“A lower-priced product is absolutely needed,” says Jared Chamberlain, a Calgary broker, pointing at the affordability worries that have reached his professional and social circles. “But just supply for the market, that’s not going to solve the problem.”

Although 1,873 row houses were completed in Calgary last year, the median resale price for this type of dwelling increased by nearly 20 per cent in 2023, reaching $434,200 in December. This price point is only 26 per cent lower than median assessed value of a new-build, which the city estimates at $586,000.

In Mr. Chamberlain’s view, the problem ailing Calgary is driven by the influx of buyers from more expensive regions, who can easily afford a $600,000 home. “That market just pushed up the prices.”

According to the City of Calgary’s latest housing needs assessment, there are 84,600 households already spending more than a third of their income on shelter costs, a situation that disproportionally affects low- and very-low-income renters. The University of British Columbia’s Housing Needs Assessment Tool estimates Calgary’s deficit of affordable housing at roughly 50,000 units.

But zoning alone is unlikely to produce these units, some argue.

“The thing about blanket upzoning is the fact that it attempts to reach a common goal without realizing the localized opportunities that can exist,” Mr. Yan says, adding that facilitating the construction of new housing without regard to the income group it should target, or its location, means that the homes built won’t necessarily fulfill the needs of lower-income earners.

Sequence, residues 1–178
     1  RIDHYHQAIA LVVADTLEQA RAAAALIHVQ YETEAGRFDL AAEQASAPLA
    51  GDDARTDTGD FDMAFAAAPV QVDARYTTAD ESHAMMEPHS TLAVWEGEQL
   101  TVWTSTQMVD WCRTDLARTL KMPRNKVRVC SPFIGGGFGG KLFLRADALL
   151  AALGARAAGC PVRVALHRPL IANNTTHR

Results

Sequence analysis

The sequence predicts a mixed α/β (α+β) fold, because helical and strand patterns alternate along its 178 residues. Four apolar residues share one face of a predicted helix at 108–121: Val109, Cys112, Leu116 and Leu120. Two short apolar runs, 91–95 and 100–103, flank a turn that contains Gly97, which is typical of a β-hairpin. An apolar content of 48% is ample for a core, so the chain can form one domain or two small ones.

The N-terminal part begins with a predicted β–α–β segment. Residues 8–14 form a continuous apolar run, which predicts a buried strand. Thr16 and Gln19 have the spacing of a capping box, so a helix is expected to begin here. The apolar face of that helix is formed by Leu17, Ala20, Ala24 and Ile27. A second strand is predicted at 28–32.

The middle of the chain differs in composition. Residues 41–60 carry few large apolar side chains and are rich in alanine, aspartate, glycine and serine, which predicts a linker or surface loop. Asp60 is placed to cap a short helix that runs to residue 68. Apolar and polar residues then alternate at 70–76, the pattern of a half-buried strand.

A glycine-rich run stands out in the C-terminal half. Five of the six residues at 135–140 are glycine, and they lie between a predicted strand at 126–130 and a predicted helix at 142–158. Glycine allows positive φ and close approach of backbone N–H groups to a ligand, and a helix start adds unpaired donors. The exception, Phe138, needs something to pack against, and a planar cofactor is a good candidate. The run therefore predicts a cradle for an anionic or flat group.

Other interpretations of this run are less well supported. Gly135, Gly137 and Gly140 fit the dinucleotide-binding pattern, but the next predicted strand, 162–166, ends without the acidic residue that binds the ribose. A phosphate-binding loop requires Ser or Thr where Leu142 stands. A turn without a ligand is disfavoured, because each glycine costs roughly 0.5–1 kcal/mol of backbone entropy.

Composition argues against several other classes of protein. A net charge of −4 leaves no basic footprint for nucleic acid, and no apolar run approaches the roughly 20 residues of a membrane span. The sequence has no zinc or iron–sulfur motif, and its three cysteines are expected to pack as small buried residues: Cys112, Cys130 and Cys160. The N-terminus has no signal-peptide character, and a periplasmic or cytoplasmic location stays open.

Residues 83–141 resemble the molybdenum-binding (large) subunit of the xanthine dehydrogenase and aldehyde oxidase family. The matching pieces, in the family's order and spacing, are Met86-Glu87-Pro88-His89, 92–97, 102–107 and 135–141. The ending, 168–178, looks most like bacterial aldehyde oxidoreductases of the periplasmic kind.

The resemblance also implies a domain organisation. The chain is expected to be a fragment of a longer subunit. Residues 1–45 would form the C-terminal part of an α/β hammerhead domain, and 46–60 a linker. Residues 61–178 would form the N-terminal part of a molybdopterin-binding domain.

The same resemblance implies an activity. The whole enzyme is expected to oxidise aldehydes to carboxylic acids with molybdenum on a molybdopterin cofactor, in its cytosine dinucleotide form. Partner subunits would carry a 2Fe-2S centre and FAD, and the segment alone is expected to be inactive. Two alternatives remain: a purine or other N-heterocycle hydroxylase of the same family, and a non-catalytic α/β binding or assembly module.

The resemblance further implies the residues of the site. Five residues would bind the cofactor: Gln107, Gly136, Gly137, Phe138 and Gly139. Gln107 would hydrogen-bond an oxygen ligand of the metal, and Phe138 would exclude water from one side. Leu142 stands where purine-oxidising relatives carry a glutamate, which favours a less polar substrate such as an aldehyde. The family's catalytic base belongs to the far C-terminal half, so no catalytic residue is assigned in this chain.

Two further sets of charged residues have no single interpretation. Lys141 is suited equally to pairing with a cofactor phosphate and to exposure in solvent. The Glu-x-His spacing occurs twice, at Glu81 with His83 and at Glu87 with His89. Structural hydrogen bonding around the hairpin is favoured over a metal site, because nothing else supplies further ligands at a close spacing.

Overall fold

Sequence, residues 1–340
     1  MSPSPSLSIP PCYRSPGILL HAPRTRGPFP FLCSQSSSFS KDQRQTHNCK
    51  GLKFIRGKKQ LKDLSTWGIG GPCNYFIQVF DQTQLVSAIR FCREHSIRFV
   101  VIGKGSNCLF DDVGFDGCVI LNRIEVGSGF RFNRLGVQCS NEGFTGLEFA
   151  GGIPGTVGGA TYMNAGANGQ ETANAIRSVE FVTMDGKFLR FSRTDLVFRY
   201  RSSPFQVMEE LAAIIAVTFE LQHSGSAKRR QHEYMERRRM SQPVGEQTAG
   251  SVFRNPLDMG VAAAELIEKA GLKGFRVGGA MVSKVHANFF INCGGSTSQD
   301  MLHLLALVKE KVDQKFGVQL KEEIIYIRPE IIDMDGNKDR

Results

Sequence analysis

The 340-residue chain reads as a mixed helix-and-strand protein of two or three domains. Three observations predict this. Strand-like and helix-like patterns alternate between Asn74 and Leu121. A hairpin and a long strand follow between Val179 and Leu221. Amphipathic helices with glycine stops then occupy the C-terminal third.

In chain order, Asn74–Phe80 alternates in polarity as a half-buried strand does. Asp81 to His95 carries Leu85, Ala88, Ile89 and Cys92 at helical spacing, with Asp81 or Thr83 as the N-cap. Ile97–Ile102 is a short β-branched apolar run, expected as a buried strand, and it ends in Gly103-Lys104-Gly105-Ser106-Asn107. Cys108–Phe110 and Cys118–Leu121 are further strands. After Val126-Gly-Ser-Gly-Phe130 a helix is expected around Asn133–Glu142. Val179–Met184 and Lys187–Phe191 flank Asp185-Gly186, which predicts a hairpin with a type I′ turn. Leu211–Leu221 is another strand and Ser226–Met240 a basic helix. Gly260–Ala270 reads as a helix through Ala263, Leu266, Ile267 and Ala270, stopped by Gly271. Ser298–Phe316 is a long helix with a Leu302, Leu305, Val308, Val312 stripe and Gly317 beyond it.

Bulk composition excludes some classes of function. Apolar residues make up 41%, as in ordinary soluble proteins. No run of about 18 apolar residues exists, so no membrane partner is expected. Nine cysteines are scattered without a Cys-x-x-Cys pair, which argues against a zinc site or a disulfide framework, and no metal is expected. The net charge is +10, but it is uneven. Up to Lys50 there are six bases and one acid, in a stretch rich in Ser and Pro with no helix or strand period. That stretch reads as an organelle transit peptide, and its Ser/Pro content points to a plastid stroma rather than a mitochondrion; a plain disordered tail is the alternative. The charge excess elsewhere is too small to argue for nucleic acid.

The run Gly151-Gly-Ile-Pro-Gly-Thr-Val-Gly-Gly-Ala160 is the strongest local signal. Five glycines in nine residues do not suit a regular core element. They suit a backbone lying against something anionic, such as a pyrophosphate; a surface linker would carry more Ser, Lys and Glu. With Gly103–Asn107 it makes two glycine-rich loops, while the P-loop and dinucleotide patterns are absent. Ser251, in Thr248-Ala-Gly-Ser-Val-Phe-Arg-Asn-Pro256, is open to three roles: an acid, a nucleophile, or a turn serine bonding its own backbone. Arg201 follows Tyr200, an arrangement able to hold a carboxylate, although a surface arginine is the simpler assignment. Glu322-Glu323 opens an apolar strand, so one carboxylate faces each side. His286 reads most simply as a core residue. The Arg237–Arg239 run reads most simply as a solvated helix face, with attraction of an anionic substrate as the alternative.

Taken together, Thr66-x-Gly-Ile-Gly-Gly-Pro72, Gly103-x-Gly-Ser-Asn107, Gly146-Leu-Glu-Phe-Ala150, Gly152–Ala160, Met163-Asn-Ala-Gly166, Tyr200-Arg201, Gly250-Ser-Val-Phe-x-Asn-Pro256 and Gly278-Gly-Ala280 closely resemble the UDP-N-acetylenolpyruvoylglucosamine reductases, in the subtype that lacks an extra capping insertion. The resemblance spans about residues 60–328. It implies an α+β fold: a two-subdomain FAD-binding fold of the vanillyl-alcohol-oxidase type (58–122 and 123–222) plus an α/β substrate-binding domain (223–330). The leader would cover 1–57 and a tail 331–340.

“We need a much more deliberate delivery of housing for specific populations that the market system is incapable of developing.”

A more focused approach is something Calgary realtors could get behind, says Hong Wang, chair of CREB’s government relations standing committee, pointing at examples presented by Jennifer Keesmaat, a real estate developer and urban planner based in Toronto, at a December event hosted by the City of Calgary.

“In Toronto, they’re developing these large-scale projects with social housing, affordable rental, market rental and home ownership – all in one, perfectly blended with the community,” Ms. Wang says.

During her keynote address, Ms. Keesmaat noted that “getting rid of exclusionary zoning is an idea whose time has come … but it won’t fix the crux to delivering the amount of housing supply that we need in order to transform access to housing in our cities.”

The City of Calgary estimates that rezoning could create an additional 750 net homes in the first year. In the long term, implementing the change is expected to increase the annual number of housing starts by up to 12 per cent, producing about 1,500 more net homes per year.

In 2023, there were 16,679 housing starts and 12,499 completions in Calgary, the largest number on record.

“We need more supply, there’s no question,” Ms. Lurie says. “I’d like to see months of supply hit a three-month level to be more balanced, but it naturally tends to happen.”

A public hearing to decide on this matter is scheduled for April 22.

“At the end of the day, we’re going to have people selling and buying no matter what happens,” Ms. Fawcett says. “It doesn’t affect us, but it significantly impacts our clients.”